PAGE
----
Vijay Mallya’s sale of a 36.3 billion rupee ($664 million) stake in liquor unit United Spirits (UNSP) Ltd. may not be enough to resolve the cash crunch that forced his Kingfisher Airlines Ltd. (KAIR) to stop flying.
The Indian brewing tycoon and others agreed to sell 19 percent of United Spirits to London-based Diageo Plc (DGE) on Nov. 9 as he seeks funds for the airline. Diageo also intends to buy another 34 percent of United Spirits, the maker of McDowell’s No. 1 whiskey, to gain a majority.
While the deal eases some of the financial pressure on Mallya, who lost his billionaire ranking at Forbes last month, it falls short of the $1 billion that Kingfisher’s biggest lender has said the carrier needs to raise. The unprofitable airline halted operations last month after failing to pay wages because of an 86 billion rupee debt pile.
“The Diageo deal doesn’t fundamentally move the needle an inch,” said P. Phani Sekhar, a fund manager in Mumbai with Angel Broking Ltd. “Even if the entire proceeds from the deal is plowed into Kingfisher Airlines that would hardly be enough to erase existing debt, let alone any question of infusing fresh equity.”
Mallya, speaking on a conference call following the United Spirits sale, declined to comment on what the deal means for Bangalore-based Kingfisher Air, which is named after his flagship beer.
Mallya has been seeking to sell a stake in the carrier for at least a year because of losses caused by price wars, debts and rising fuel costs. The airline has also cut flights, delayed new planes and returned other aircraft to lessors to pare costs.
The carrier stopped flying Oct. 1 after staff walked out because of unpaid wages. They subsequently agreed to return after management pledged to make payments. In the meantime, the Directorate General of Civil Aviation suspended the carrier’s operating license.
Kingfisher is working on a turnaround plan and expects to resume services in “the near future,” it said in an earnings press release last week. The airline, which began flying in 2005, reported a wider net loss of 7.54 billion rupees for the quarter ended September.
Diageo will buy new and existing shares in United Spirits at 1,440 rupees apiece. That’s a 5.8 percent premium to the Nov. 9 closing price. Mallya’s UB Group will continue to hold 15 percent and he will remain as chairman, according to a statement. The deal gives Diageo, which already sells Johnnie Walker whiskey and Smirnoff vodka in India, control of the largest distiller in the world’s biggest whiskey-drinking nation.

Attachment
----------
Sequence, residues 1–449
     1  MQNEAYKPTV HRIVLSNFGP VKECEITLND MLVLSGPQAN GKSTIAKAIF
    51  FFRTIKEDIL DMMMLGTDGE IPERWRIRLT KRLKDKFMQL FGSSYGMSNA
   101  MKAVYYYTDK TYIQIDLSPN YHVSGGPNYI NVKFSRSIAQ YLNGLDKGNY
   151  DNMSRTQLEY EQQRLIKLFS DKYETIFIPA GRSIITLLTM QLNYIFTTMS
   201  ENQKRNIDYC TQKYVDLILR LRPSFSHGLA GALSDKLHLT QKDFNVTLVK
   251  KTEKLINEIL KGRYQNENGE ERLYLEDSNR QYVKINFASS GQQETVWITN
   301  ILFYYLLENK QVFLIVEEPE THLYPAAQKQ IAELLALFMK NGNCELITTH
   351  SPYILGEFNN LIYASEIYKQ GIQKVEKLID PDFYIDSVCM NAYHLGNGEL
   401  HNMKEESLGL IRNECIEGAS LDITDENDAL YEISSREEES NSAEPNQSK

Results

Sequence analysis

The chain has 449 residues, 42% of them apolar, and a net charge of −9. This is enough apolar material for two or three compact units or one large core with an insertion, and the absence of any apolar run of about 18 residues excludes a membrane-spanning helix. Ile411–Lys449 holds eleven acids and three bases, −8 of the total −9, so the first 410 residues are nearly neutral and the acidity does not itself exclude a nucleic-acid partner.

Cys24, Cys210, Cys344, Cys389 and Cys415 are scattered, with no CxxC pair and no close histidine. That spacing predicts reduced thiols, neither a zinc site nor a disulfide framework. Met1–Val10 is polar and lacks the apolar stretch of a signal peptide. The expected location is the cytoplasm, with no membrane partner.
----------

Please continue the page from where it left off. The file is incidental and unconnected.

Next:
United Spirits, which also owns brands of Scotch including Whyte & MacKay, rose by a record 35 percent in Mumbai trading to 1,832.95 rupees. Kingfisher Air climbed 4.4 percent to 14.10 rupees.
The airline has dropped 35 percent this year, cutting its market value to $207 million, according to data compiled by Bloomberg. Jet Airways (India) Ltd. and SpiceJet Ltd., the nation’s two other listed carriers, have both more than doubled, partly because Kingfisher’s flight cuts have helped them boost sales. Jet’s domestic revenue jumped 35 percent in the quarter ended September.
State Bank of India Chairman Pratip Chaudhuri said Nov. 7 that Kingfisher should eventually raise $1 billion of fresh capital. Some of that will have to be found this month, he said, without saying how much or giving a timeframe for raising the full amount.
Kingfisher’s founders have contributed 11.5 billion rupees to the company since April 1, Mallya told shareholders at its annual meeting Sept. 26. The airline has 10 airworthy planes, down from 66 in the year ended March 31, 2011, Arun Mishra, the director general of civil aviation, said last month.
Mallya, who also has a stake in a Formula One team and owns an Indian Premier League cricket team, had guaranteed $1.1 billion of Kingfisher debt as of March 31, according to the company’s annual report. The carrier had slumped from second to sixth in terms of domestic market share because of flight cuts and service disruptions caused by unpaid bills.
UB Group will invest in Kingfisher Air to help revive operations, an Indian government official said Oct. 26, after a meeting between the regulator and the airline’s chief executive officer. The carrier must prove it has adequate funds to pay airports, fuel suppliers and other vendors before the license suspension can be lifted, said the official, who declined to be identified citing rules.
“It looks like it will be a difficult proposition to revive the airline,” said Jagannadham Thunuguntla, New Delhi- based chief strategist at SMC Global Securities Ltd. “The airline business is arguably one of the toughest businesses to run in the world and Kingfisher is no exception.”
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